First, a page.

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RE: A use for site local addresses?



Mike Saywell wrote:

> On Wed, Mar 26, 2003 at 05:19:31PM +0100, Jeroen Massar wrote:
> > Mike Saywell wrote:
> > 
> > > I think everybody is in agreement that in your typical IPv6
commercial
> > > or home deployment site-locals should not be used, the point 
> > > is that there are other environments where site-locals have a
legitimate 
> > > use and which (imho) there has been no reasonable proposed
alternative
> > > as of yet.
> > 
> > Name those environments then.
> 
> Well off the top of my head...
> 
> #1
> An initially isolated ad-hoc network which is larger than a single
> subnet.  The ad-hoc network may become attached to the global internet
> periodically, each time via a different ISP.  One example of 
> this could be on a boat which only gets global connectivty whilst in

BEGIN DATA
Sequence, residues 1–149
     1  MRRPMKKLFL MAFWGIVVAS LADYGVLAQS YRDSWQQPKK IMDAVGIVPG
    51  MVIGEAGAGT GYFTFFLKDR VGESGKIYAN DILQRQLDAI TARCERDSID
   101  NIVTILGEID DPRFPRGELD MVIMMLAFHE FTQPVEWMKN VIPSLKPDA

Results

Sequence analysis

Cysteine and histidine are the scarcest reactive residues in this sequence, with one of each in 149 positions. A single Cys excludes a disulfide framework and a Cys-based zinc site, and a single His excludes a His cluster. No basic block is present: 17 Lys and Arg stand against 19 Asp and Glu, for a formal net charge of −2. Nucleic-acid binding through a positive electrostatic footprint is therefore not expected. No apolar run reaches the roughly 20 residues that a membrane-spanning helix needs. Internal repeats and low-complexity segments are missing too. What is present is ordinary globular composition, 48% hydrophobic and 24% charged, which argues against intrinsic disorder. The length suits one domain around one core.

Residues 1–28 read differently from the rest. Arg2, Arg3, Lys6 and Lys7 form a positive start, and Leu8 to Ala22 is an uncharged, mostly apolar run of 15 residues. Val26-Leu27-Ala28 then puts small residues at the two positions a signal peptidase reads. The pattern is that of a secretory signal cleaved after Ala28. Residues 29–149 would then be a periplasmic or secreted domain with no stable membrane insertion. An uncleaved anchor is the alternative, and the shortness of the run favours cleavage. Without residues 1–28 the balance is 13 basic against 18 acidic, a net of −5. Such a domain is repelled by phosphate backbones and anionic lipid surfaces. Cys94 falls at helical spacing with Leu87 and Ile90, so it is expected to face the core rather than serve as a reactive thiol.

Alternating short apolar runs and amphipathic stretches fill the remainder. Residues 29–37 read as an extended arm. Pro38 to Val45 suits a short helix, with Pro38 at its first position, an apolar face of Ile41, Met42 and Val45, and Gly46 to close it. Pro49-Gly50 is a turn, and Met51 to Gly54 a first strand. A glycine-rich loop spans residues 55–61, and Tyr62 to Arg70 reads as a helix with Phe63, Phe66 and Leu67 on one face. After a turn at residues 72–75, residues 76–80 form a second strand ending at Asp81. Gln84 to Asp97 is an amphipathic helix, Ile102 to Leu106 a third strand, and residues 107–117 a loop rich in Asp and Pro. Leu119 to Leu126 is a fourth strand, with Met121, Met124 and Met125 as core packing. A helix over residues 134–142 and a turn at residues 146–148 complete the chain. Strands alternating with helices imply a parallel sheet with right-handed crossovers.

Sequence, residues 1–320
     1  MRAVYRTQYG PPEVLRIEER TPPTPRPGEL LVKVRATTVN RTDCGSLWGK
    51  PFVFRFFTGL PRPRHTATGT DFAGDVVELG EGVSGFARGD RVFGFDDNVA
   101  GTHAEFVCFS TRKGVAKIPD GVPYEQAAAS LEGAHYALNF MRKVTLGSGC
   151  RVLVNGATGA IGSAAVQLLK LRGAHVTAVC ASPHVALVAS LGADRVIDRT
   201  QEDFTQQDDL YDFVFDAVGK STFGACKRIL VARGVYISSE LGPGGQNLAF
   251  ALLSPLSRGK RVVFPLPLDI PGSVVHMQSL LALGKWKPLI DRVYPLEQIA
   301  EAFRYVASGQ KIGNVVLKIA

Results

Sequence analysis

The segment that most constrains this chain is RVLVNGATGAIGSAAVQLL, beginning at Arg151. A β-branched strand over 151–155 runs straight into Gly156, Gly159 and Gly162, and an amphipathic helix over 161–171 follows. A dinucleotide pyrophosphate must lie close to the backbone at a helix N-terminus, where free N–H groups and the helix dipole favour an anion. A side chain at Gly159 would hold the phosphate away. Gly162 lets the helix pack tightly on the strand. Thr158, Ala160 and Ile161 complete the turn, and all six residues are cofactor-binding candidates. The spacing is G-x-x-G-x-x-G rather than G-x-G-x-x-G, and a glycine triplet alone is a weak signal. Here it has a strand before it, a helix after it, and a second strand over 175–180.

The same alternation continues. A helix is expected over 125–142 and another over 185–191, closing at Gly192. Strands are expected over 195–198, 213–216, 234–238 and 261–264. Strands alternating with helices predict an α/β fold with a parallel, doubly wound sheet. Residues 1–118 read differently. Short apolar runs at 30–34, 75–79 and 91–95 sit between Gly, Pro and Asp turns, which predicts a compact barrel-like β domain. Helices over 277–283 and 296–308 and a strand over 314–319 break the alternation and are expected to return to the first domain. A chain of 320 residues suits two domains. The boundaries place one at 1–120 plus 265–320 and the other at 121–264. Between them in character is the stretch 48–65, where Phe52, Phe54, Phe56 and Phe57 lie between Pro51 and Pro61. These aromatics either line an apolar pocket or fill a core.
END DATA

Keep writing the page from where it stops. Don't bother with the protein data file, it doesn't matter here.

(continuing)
port.

That's a good example.

The boat could use a /48, at least I think most cruisers need something
similar like that size, from their office allocation.
Eg "The Boat Company" requests 2 /48's from their office upstream and
use one of them for their boat. If they have more than 200 boats they
could even go for a TLA, though I doubt you can convince a RIR
that a boat is a client and that they really need that much space.

Btw: Geographical based multihoming won't work, unless there is Sea-Geo
;)

> #2 (related)
> For an ad-hoc network to auto-config it needs an address range to use.
> It's extremely limiting to confine them to a single subnet.
> 
> #3 (to be found at the root of this thread)
> A provider independant (i.e. no upstream ISP) network which aims to
> provide transit between 2 or more networks (which may or may not be
> public).

Effectively all these three boil down to one thing:
 - globally unique addresses
 - not connected to the internet

A place to register globally unique, but non-internet-connected
address space would be the best place IMHO.
This will take quite some effort but it is quite probably the
best way to avoid problems like mergers.

> I'm sure there are many others...

If we can't identify them, we can't have a solution for them.

Greets,
 Jeroen


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